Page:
And make no mistake about it: Gal Gadot is the movie’s heart. The Israeli actress is absolutely magnetic as Diana, and she brings a presence and energy to the screen that is sure to resonate with audiences around the world. She plays Diana with such empathy and determination that it’s impossible not to root for her. Unlike some of her other DCEU counterparts, Gadot’s Diana is a true blue hero with nothing but good in her heart. She’s a character that’s incapable of sitting idly by while innocent people get hurt, and it’s so refreshing to see a movie embrace a classic hero with such open arms.
The other big standout here is Chris Pine. His Steve Trevor comes close to stealing the movie at times, as the actor really brings his all to a role that could’ve been fairly paint-by-numbers. Pine brings so many layers and dimensions to Trevor, in such an understated and nuanced way, that his performance really helps Wonder Woman soar to new heights.
The rest of the cast, as noted earlier, makes for a fairly spectacular ensemble of supporting players. It’s hard to single anyone out here, as they all really make the most of their parts, but suffice it to say that you’ll be left wishing for more time with Sameer (Said Taghmaoui), Charlie (Ewan Bremner), and The Chief (Eugene Brave Rock).
Another area that Wonder Woman succeeds in where so many others have failed is in its villain. Without spoiling anything, let’s just say that the primary antagonist in the movie has motivations that are so well thought-out that you may actually find yourself agreeing with them. The villain is great in that they not only represent the perfect foil to Diana, but they also mirror some of the more sinister things that we as humans encounter and witness in our daily lives. By the end of the film, you’ll not only want to see our heroine vanquish this evil, but wish there was a way to face their ideas head-on in real life.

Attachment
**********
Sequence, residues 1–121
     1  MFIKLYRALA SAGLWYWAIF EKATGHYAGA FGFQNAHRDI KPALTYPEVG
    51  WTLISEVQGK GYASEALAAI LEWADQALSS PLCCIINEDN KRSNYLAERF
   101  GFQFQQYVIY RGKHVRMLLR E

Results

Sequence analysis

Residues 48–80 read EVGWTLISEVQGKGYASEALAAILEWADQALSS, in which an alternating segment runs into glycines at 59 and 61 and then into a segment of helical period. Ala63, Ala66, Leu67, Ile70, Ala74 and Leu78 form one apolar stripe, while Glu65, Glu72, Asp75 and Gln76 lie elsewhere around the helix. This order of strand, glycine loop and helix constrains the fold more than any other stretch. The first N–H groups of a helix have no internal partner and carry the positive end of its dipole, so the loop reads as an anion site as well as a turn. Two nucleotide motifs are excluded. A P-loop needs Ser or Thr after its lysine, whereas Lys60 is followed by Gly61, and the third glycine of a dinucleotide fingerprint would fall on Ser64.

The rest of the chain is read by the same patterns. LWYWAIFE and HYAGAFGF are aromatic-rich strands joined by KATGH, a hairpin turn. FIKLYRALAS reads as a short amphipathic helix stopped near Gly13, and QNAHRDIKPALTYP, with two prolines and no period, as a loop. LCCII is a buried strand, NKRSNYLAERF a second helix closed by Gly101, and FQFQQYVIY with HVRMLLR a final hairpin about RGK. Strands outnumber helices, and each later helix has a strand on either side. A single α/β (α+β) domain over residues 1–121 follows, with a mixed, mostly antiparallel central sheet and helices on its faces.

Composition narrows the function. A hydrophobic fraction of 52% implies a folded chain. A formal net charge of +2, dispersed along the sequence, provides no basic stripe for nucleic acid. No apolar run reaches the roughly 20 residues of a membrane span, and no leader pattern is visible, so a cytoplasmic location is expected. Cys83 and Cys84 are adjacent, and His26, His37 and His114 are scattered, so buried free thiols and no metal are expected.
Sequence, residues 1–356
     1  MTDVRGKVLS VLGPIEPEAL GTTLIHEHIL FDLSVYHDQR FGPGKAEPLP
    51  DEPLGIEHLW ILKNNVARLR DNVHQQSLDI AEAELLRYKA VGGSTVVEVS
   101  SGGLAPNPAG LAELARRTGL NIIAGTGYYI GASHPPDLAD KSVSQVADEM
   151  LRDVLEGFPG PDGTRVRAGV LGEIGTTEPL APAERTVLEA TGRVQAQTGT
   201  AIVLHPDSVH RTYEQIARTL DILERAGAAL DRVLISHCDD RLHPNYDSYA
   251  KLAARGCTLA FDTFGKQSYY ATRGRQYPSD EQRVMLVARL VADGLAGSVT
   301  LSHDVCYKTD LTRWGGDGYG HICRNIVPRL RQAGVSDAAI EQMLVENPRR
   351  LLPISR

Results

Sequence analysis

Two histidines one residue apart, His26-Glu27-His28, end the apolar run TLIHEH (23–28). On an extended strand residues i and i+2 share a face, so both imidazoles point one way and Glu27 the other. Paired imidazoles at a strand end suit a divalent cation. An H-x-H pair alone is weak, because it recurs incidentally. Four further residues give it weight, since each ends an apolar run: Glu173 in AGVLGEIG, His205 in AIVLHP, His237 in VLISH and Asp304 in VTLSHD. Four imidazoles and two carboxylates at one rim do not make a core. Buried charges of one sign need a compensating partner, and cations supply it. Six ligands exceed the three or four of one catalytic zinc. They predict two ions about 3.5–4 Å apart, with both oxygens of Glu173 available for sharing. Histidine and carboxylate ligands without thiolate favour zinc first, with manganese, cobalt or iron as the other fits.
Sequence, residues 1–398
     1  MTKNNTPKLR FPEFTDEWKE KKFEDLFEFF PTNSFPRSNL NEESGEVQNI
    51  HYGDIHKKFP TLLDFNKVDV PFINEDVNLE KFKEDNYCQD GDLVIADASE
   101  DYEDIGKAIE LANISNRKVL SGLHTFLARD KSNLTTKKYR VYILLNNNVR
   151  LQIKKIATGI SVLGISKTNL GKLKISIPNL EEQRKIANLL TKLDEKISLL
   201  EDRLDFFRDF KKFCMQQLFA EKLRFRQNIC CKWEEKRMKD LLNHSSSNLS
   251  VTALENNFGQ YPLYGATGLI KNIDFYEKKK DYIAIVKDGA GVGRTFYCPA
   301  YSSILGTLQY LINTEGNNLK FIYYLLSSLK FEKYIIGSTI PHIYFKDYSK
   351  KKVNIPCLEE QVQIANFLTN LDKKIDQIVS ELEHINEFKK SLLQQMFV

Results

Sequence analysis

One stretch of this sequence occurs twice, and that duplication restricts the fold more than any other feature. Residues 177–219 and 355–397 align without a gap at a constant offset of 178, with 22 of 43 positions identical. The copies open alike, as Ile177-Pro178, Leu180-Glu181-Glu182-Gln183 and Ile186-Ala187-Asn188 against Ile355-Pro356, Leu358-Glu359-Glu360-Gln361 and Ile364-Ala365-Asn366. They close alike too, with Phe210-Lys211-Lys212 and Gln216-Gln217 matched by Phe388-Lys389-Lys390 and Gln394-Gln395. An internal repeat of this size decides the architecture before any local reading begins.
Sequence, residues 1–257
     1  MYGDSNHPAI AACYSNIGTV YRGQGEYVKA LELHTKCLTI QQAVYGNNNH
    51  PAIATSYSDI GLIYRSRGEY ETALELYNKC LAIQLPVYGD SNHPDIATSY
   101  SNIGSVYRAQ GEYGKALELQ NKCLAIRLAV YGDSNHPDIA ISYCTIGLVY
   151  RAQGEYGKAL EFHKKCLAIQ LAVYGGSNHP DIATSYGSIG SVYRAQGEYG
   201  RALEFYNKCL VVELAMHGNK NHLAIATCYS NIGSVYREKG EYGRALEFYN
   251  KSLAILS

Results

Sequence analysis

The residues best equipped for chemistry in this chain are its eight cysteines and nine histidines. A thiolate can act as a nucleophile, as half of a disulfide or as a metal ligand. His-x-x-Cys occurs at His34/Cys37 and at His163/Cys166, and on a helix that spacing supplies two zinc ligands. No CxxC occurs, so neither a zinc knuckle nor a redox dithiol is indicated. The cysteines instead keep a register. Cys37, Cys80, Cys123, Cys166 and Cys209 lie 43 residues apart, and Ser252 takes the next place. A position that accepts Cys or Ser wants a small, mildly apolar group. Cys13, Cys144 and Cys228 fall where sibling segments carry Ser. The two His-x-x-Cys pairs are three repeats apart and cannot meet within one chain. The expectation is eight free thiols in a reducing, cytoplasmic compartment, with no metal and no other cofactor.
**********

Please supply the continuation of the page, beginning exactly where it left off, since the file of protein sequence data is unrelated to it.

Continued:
On the technical end of things, Wonder Woman is well-paced, superbly-edited, beautifully-designed, and the score hits all the right notes. If there’s a complaint here it’s that the effects occasionally look a little jagged and unpolished, but it’s nothing too distracting. Also, there are two or three times where things veer slightly into the area of heavy-handed melodrama, but those detours are kept mercifully short.
Much has been made about the film’s third act battle feeling a little generic but I- for one- disagree. For the many reasons cited earlier, I was fully invested in the multi-tiered finale, and found the conclusion very satisfying. There were no portals opening up over major cities, no faceless armies of henchmen, no mood-killing quips, and no distracting amount of collateral damage. It was just a good old-fashioned battle between good and evil, waged on a couple of fronts, that was shown in a very heartfelt way.
All this, and more, makes Wonder Woman the best DC Comics movie in nearly 40 years, and certainly the most promising entry in the current DC Extended Universe. If you’re someone, like me, who was put-off by the first three films in this new canon, this movie should fill you with optimism for the DCEU’s future.